International trade is an engine propelling the Houston region’s economy and trade is soaring.
As of Sept. ’18, exports from the Houston/Galveston customs district are up more than 32.9 percent. This is on top of more than 19 percent export growth for the region in ’17 where more than $109 billion was exported globally. Exports in the first three quarters of ’18 nearly equal all exports for ’17.
Imports have also seen robust growth in ’18 with an increase of more than 12.9 percent. This brings the Houston region’s growth in total trade (exports + imports) to more than 24 percent as of Sept. ‘18. Compared to other major metros, Houston’s strength in trade is evident.
Houston has had the strongest export growth of any major metro in the U.S. so far in ‘18 outpacing Dallas which has seen export growth of only 3.4 percent this year. Other metros trailing Houston’s 32.9 percent growth include Chicago (11.8 percent), New York City (9.4 percent), Boston (7.2 percent) and Los Angeles with only 2.8 percent export growth.
These are exciting times for trade. In light of the many events this year which could act as a headwind to international trade, the Houston region has shown its soaring strength
In April 2016, the Greater Houston Partnership launched the Houston Metro Export Plan which has convened Houston’s export ecosystem more than a dozen times since inception. The MEP Working Group has held Export Resource Forums at City Hall and the Partnership -as well as other key places in the region over the last two and a half years.
Foreign-owned firms continue to open factories and offices here. Overseas investors have acquired billions of dollars in local real estate. Houston welcomes three to four trade delegations every week. And a score of dignitaries, ambassadors and ministers from Europe, Asia, Africa and Latin America visit Houston frequently to promote closer ties.
As of our last annual count, forty-one foreign-owned firms opened or expanded operations in Houston, up from 25 in ’16. JSW Steel (Mumbai) announced hundreds of millions in investment in its Baytown steel mill. Lonza (Basel) has opened the world’s largest cell and gene therapy facility in Pearland. And the Industrial and Commercial Bank of China (Beijing), the largest bank in the world by total assets, recently established a branch office in the Uptown/Galleria area. Since January ’15, the start of the energy downturn, well over 100 foreign-owned firms have selected Houston for corporate expansions, relocations and startups.
The Greater Houston Partnership welcomes more than 150 trade delegations every year from around 50 countries seeking substantive engagement with the Houston region. The Brookings Institution estimates that 17.3 percent of Houston’s economy was tied to exports in ’17, nearly double the 8.9 percent of ’03. Brookings also estimates that exports supported 330,340 jobs last year, up from 169,460 jobs in ’03. Factor in imports of steel, plastics and chemicals that go into locally manufactured products and the share of Houston’s economy tied to global trade is undoubtedly much higher.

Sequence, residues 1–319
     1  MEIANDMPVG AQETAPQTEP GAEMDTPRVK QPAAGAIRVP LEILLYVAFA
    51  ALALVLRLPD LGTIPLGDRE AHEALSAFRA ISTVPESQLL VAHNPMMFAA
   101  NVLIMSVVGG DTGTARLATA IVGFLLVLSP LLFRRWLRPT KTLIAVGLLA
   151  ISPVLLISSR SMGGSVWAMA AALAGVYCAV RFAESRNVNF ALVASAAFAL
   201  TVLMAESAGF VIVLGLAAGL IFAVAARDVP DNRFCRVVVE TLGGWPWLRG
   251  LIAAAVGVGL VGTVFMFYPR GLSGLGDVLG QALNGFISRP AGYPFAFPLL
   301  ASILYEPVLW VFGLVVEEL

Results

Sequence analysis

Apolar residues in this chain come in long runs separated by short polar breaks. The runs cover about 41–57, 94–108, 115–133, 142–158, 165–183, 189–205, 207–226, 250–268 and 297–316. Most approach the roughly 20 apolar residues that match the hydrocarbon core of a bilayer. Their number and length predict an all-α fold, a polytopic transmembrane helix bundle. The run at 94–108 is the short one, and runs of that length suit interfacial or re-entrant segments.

Over 8,000 ships call on the Port of Houston annually, and the Houston Airport System handles more than 11 million international passengers each year. Houston is connected via water to more than 200 ports and via air to more than 70 foreign markets.
One in four Houstonians, nearly 1.6 million residents, was born outside the U.S. Another 600,000 children under 17 have at least one foreign-born parent. As a group, Houston’s foreign-born population, their minor and adult children equal about 2.6 million residents, or 38 percent of Houston’s total population. Without them, Houston would slip from fifth to fifteenth in the metro rankings. Put more bluntly, without our foreign-born population, Houston would be a second-tier metro.
As one example, the community of Houstonians who identify as Indian continues to thrive. The region has over 150,000 people of Indian descent. In November of this year, the Partnership organized a 39-person strong delegation to New Delhi and Mumbai led by Mayor Sylvester Turner. Institutions with innovative leaders on the delegation included: Station Houston, Space Center Houston Gateway to NASA JSC, Houston Airport System, City of Houston, Indo-American Chamber of Commerce, Houston First and dozens of others representing healthcare, hospitality, education, information technology, law, real estate and the petrochemical industry.
Houston exports Sept. ’18 YTD to India are up more than 67.5 percent -a huge amount advancing India as one of Houston’s top 10 trade partners. Houston exports have grown this year to many other major markets including Mexico (27.8 percent), China (27.6 percent), the Netherlands (25.8 percent) and Japan (49.6 percent). Houston exports to Taiwan are up ’18 YTD an astonishing 405.5 percent, moving Taiwan from Houston’s 27th largest trade partner to 14th. If the trend holds in Q4, then Taiwan will most certainly be included as a 2018 top 20 trade partner for Houston.
These are exciting times for trade. In light of the many events this year which could act as a headwind to international trade, the Houston region has shown its soaring strength and the Partnership will continue to monitor and advance the global conversation for the benefit of our nearly 1,200 member companies and the Houston region as a whole.
Josh Davis, Director, International Trade – Greater Houston Partnership
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